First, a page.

How will coronavirus impact the 2020 US census as count gets underway?

By Obed Manuel

Tribune News Service

DALLAS — Churches, community events and other social spaces were set to play a key role in disseminating accurate information about the 2020 census through trusted community voices over the next few weeks.

But as the start of census self-responding coincides with the spread of the coronavirus and as health experts urge the practice of social distancing, organizations may soon find themselves having to improvise their outreach strategies.

And the Census Bureau’s former director believes that weakened outreach efforts could worsen the undercount of historically undercounted communities during the 2020 census, though census officials do have flexibility to alter their strategy to counting the U.S. population.

The spread of the coronavirus has made getting the word out about the 2020 census a lot harder and those working with the public will have to change their strategies, said John Thompson, former director of the Census Bureau who oversaw preparation for the 2020 census.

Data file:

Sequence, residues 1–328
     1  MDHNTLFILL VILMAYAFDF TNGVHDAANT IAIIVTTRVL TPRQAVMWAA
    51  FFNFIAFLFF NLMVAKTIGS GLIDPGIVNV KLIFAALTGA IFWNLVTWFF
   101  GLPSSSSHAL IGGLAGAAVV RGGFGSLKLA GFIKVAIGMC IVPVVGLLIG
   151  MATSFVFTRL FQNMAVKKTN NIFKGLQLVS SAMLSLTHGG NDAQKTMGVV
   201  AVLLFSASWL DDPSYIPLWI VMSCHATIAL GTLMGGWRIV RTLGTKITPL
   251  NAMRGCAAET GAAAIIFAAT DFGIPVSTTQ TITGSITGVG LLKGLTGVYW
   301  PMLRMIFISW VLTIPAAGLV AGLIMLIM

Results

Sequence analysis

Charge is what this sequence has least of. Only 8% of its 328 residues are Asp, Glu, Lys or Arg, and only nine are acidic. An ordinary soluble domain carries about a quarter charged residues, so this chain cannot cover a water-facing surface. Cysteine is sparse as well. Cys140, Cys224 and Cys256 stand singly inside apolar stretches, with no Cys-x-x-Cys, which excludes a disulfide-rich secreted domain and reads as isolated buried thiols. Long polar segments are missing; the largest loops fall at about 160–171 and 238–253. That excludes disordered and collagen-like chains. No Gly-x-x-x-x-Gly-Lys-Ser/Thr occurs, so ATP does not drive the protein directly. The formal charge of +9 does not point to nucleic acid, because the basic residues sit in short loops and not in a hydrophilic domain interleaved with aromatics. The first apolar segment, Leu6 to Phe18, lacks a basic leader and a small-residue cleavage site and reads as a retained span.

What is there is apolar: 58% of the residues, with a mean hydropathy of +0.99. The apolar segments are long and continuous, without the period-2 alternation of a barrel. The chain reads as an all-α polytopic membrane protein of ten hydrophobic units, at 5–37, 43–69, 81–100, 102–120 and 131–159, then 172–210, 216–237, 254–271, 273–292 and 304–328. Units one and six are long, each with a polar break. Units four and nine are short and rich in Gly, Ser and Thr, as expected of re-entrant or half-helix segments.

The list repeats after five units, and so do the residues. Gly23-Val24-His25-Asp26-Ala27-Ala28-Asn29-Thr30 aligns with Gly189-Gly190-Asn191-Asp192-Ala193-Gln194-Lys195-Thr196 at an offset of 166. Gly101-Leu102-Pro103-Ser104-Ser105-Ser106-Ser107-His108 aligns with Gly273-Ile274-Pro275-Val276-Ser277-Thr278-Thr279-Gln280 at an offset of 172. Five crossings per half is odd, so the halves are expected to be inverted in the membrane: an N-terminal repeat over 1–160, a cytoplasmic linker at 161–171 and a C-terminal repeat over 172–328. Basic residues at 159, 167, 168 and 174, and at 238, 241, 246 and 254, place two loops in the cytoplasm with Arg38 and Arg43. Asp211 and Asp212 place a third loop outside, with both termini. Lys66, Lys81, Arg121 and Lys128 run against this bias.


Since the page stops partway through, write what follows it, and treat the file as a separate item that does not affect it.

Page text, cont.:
“Surely nobody wants to risk public health, so they’re going to have to think creatively about how they can get that done,” Thompson said.

Can the census be delayed?

The Census Bureau has some flexibility in terms of how it reacts to the coronavirus spread. For starters, Thompson said, it can push back the July 31 deadline for households to self-respond.

The bureau could also change its messaging to center around coronavirus spread and urging the public to respond to the census using the online, telephone or mail options to avoid having to send out enumerators, he added.

“But ultimately, there are some parts of the population that they’re going to have to reach by knocking on doors,” Thompson said. “There’s no way around it. You’re going to have to get people to talk to you somehow.”